But people need to be re-educated about nutrition, there’s no question about that. In the country of 3000kcal burgers and 700kcal coffees, common sense habits have been lost from a generation to another, and people do not know how to eat anymore. I’m happy to see that debate played out on the national level.

  4. As a (slightly) fat kid of skinny parents and now a very fat adult, this always disturbs me. I mean, it wasn’t fun being a chubby kid in the 80s, but no-one was trying to eliminate me or call me a threat to the economy or to public health. And even if they had been, what was I supposed to do about it? I ate an extraordinarily healthy diet and had a great deal of exercise, both deliberate and incidental.

    And where on earth does the “fat kids dying young” statistic come from? I’ve seen it quite a few times recently, but no research whatsoever that links childhood body weight to adult lifespan (depression, bullying and poverty, yes!)

  5. Debbie, I think “giant bandwagon” captures the essence of this campaign, my cynical side whispers that Michelle Obama’s advisors pushed this notion because it has the drama of a “war” rather than a simple “do good” campaign and it’s aimed at something Americans are already conditioned to fear–The Creeping Tide of Insidious Obesity.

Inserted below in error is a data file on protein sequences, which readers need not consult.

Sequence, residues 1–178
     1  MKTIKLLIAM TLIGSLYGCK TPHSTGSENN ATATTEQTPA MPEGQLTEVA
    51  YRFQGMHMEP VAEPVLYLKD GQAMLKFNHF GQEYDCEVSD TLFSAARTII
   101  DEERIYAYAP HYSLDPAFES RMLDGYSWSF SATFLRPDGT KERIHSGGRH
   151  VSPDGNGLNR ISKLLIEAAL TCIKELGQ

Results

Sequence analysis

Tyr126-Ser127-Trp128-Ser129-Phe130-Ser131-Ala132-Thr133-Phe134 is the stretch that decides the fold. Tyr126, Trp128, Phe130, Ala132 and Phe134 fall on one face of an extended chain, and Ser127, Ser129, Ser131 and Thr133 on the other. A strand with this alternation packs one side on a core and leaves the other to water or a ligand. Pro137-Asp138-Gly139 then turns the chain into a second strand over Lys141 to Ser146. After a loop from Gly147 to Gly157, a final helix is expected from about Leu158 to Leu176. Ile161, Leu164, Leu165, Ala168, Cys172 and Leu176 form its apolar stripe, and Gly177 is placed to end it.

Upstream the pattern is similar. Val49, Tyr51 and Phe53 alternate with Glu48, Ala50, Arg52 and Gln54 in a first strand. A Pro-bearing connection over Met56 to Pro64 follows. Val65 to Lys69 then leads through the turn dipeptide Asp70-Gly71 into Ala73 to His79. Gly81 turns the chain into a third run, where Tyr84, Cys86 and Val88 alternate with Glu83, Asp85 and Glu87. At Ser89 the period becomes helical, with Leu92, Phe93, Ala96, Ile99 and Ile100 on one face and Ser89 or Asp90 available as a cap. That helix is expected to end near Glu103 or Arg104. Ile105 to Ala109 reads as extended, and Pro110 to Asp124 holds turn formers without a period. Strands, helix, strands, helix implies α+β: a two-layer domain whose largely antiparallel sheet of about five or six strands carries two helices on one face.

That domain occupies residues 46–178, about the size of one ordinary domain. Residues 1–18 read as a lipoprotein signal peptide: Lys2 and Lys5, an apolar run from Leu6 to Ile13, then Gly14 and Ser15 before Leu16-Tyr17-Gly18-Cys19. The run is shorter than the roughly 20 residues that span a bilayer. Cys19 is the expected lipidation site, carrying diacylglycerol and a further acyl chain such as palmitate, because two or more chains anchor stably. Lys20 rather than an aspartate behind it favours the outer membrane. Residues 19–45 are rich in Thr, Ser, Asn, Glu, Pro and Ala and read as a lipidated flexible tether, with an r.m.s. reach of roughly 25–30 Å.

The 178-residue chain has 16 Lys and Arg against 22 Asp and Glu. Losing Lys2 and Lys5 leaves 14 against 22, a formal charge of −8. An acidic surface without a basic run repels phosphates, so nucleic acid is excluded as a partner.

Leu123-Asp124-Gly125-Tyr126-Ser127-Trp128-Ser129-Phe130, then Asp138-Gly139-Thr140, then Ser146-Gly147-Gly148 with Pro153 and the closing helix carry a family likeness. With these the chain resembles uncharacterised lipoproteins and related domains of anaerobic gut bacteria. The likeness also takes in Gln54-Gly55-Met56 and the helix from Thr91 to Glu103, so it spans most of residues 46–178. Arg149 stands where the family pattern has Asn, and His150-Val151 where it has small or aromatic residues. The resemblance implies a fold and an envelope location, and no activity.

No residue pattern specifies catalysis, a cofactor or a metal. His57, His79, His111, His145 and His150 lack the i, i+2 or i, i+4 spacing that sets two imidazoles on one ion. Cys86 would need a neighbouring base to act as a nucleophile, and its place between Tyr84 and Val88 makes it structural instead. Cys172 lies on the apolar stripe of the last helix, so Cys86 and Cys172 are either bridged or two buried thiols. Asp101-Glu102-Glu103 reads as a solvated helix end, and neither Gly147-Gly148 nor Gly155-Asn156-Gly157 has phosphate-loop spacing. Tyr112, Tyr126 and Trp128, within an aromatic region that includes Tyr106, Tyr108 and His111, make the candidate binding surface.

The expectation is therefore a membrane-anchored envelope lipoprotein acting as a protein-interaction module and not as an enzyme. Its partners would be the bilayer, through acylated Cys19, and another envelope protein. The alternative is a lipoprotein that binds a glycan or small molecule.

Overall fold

Escoffier, I totally agree with you about the insensitivity of the approach. From what little I can diagnose based on what I can stand to read of her speeches on this, I believe it’s a case of picking an issue she (and her staff on this campaign) think they understand, doing no research, taking popular misconceptions and running with them. Sigh!

    JanisBing, you have a good point about the social class aspect. I think it might even be argued that this is more about fear of fat than it ever was about healthy eating or exercise. Fat kids who do eat healthy and exercise are assumed not to exist. It’s almost as if someone had given a national campaign to that awful lady in the supermarket who tells her kid, “If you eat those cookies you’ll get as fat as that lady over there.” [i.e., a fate worse than death.]

    lilacisigil, in my humble opinion (and so far as the research I’ve seen so far), the “fat kids dying young” is based on no discernable data or scientific studies and is more about medical hexing, a “patient control” strategy doctors use all the time.

  6. This is obviously first and foremost an issue for fat children. It is also an issue for all children. Speaking as the mother of two daughters and someone who has taught dance to teenagers, the bullying, self hatred, and persecution about perceived “fat” extends to all children.

  7. A follow up to this and the post on Bullying, Darlene Howell just posed on Facebook a new child advocacy resource–link below:
    “NAAFA is excited and proud to introduce the NAAFA Child Advocacy Toolkit(sm) which shifts the focus from the war on childhood obesity to a health-centered focus embracing children of all sizes. Even more importantly, it demonstrates how to design programs and approaches that will improve the total health of all our children.”